Domestic violence affects everyone

Community support is an option for those suffering from domestic abuse

Supporters came out in droves to light the tree for Purple Lights.

Domestic violence affects one in four women — look around to your friends and know that in a group of women the chances of at least a couple of them being impacted by domestic violence is a high probability. Sixty per cent of British Columbians know someone who has been a victim of sexual assault or domestic violence.

It is estimated that more than 160,000 B.C. women were victims of domestic violence from 2004 to 2009 and on average, ten women a year are murdered at the hands of their intimate partner.

As of 2010, there were 582 known reports of missing or murdered Aboriginal women in Canada with B.C. recording more than any other province. Research demonstrates that victimization rates are much higher among Aboriginal than non-Aboriginal women.

Twenty-four percent of Aboriginal women said that they have been victims of domestic violence in the five-year period ending in 2004.

Geographic isolation, lack of access to services, lack of transportation, and poverty heighten the risk for Aboriginal women.

The province of B.C. commits more than $70 million per year in prevention and intervention services and programs that benefit victims of domestic violence and other crimes.

It is estimated that 30 to 40 per cent of children who witness the abuse of their mothers are also being abused. Over 600,000 B.C. school-aged children are impacted by domestic violence and a young girl who witnesses her mother being abused is four times more likely to enter into an abusive relationship when she is older. Boys are ten times more likely to grow up to be abusers if they witness their mothers being abused. These stats are alarming.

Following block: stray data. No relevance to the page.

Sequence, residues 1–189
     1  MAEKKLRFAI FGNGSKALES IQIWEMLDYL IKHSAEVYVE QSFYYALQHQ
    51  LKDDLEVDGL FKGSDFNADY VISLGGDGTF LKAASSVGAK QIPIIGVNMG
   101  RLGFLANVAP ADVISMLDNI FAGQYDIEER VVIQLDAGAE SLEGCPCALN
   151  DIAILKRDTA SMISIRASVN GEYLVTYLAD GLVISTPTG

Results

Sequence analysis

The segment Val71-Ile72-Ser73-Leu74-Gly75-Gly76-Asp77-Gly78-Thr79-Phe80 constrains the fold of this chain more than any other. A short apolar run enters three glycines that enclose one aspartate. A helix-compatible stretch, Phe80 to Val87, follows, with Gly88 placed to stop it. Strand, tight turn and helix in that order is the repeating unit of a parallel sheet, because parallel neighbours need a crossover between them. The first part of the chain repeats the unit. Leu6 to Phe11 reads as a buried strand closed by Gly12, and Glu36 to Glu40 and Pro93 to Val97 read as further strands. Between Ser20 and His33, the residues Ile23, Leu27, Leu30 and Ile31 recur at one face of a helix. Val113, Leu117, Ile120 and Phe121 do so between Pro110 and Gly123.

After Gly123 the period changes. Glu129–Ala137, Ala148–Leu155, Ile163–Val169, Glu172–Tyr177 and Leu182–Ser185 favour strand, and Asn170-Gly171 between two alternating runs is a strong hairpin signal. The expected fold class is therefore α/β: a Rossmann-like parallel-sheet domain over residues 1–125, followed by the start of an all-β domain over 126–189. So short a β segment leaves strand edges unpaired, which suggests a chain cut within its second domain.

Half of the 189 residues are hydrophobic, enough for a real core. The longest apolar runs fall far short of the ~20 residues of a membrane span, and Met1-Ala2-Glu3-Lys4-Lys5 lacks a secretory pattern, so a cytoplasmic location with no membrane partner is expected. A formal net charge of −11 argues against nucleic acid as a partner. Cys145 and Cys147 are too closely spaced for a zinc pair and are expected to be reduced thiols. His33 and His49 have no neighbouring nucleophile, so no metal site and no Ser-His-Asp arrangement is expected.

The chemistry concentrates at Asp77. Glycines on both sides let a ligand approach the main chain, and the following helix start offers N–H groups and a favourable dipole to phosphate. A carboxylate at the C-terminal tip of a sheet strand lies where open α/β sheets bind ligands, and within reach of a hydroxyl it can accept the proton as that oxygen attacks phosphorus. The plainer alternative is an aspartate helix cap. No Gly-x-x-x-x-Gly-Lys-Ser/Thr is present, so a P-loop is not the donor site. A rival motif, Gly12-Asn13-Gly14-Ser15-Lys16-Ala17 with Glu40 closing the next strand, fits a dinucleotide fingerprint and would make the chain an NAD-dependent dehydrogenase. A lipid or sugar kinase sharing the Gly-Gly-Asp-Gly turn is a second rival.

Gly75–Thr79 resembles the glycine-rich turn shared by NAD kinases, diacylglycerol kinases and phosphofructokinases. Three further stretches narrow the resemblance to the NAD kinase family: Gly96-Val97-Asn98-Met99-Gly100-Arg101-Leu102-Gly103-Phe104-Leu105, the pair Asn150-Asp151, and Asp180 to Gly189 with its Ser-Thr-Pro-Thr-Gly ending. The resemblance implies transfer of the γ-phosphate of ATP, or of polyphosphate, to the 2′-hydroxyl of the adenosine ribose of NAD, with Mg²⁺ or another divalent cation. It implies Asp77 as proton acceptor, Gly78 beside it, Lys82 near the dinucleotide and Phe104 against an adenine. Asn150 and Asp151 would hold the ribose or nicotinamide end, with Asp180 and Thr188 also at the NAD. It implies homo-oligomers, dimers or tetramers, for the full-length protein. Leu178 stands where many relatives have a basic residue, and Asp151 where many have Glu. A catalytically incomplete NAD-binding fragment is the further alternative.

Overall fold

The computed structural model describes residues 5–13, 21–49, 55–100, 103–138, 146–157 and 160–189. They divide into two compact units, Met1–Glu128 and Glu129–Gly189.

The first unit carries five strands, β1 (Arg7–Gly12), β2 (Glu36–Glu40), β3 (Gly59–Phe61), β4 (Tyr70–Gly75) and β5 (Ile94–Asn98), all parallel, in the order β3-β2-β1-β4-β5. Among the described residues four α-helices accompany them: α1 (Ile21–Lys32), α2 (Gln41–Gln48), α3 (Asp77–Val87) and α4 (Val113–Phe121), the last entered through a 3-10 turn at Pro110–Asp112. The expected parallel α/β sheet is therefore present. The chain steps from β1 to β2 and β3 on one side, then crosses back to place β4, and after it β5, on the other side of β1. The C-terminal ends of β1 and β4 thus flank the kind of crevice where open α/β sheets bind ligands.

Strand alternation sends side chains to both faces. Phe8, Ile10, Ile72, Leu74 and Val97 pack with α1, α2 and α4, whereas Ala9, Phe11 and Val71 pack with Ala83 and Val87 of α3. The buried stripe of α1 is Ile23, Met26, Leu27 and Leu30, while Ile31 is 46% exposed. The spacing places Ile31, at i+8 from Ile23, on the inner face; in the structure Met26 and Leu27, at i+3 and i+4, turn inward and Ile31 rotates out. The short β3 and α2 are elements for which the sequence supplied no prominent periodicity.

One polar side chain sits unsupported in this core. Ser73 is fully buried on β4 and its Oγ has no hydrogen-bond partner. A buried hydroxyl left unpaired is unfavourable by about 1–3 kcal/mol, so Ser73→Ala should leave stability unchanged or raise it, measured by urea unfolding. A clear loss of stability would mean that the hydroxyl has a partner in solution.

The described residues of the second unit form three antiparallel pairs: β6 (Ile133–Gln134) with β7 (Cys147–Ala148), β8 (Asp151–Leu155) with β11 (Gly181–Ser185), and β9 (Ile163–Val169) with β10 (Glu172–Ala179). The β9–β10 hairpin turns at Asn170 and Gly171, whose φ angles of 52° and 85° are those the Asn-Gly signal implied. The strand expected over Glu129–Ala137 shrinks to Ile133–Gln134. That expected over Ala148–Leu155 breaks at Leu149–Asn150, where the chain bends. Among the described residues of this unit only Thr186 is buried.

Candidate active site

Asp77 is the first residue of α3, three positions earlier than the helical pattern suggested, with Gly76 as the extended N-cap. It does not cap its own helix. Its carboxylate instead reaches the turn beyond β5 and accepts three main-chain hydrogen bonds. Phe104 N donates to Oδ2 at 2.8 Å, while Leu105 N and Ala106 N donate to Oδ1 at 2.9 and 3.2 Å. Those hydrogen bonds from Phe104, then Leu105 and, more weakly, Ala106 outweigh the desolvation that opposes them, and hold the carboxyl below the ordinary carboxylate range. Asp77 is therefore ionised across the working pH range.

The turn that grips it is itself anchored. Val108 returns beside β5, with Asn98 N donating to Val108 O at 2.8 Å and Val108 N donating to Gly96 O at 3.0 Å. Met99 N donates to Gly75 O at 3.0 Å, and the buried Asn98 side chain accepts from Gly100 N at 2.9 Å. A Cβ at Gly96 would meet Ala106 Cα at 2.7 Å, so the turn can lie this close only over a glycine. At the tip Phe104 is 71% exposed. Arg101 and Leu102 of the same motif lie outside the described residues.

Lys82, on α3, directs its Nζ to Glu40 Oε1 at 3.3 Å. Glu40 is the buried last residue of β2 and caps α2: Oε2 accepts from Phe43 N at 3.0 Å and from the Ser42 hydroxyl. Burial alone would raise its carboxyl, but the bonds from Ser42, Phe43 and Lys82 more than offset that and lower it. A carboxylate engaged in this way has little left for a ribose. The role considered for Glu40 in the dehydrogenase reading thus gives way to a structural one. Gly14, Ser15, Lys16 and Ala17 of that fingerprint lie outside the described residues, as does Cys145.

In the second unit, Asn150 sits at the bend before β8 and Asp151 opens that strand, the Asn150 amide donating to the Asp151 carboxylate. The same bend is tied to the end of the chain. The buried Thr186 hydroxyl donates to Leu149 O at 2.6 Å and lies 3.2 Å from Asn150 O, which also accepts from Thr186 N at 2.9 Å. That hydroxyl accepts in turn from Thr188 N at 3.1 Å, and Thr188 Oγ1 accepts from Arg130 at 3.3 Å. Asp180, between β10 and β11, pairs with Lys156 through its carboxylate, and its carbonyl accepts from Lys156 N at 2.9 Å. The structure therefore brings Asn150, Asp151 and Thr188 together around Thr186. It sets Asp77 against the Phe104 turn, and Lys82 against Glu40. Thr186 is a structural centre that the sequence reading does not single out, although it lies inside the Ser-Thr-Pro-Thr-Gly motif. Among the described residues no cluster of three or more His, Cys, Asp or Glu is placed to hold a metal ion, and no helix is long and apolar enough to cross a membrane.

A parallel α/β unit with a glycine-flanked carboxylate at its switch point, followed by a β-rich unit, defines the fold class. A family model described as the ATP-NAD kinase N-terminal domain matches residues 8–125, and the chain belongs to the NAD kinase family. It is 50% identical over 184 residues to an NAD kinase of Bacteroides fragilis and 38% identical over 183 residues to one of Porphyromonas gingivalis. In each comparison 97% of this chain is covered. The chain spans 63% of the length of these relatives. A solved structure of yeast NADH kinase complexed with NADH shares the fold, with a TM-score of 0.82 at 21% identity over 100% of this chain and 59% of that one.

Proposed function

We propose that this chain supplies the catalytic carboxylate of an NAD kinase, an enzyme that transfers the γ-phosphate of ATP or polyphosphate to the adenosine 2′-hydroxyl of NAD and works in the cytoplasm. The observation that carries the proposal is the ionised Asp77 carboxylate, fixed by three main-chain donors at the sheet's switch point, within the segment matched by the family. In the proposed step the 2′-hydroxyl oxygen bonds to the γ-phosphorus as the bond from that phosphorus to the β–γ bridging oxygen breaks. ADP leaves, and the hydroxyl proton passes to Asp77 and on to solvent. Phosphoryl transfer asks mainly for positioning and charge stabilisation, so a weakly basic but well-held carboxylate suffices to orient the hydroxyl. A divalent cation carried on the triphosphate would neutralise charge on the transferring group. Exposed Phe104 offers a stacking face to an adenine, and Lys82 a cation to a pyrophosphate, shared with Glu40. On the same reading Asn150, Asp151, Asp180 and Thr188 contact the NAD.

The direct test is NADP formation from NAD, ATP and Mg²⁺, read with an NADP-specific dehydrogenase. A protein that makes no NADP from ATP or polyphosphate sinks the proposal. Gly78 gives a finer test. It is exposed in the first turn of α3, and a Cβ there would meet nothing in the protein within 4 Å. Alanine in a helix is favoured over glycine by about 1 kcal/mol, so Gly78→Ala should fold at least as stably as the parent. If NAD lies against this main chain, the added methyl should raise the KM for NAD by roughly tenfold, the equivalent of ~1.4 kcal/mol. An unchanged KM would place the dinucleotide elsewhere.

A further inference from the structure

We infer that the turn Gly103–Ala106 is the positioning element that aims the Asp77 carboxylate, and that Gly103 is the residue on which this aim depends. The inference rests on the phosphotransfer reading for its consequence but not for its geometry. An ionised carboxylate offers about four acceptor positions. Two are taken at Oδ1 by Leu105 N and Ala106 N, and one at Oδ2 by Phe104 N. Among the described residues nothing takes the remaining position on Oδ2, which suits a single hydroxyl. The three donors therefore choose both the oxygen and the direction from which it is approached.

The question then becomes what can the public do to end domestic violence? Standing up against it is the answer. The month long Purple Lights campaign has been going strong with purple lights being shone across Hope. People showing their support for the cause by wearing purple have been helping to start the conversation around ending violence against women and children in the community.

“Each of us has the power to help another to gain the confidence and instill self-worth, so no child or woman has to be a victim of abuse at the hands of their intimate partner or parent,” said Gerry Dyble, executive director at Hope and Area Transition Society.

Be part of the solution and shine a light on domestic violence. Hope provides access to several services for women, children, and families through programs offered by Victim Services 604-869-7770, Hope and Area Transition Society (featuring Stopping the Violence and Children Who Witness Abuse programs) 604-869-5111, Jean Scott Transition House 604-869-5191 and Ann Davis Services 604-792-2760. All services are free and confidential.

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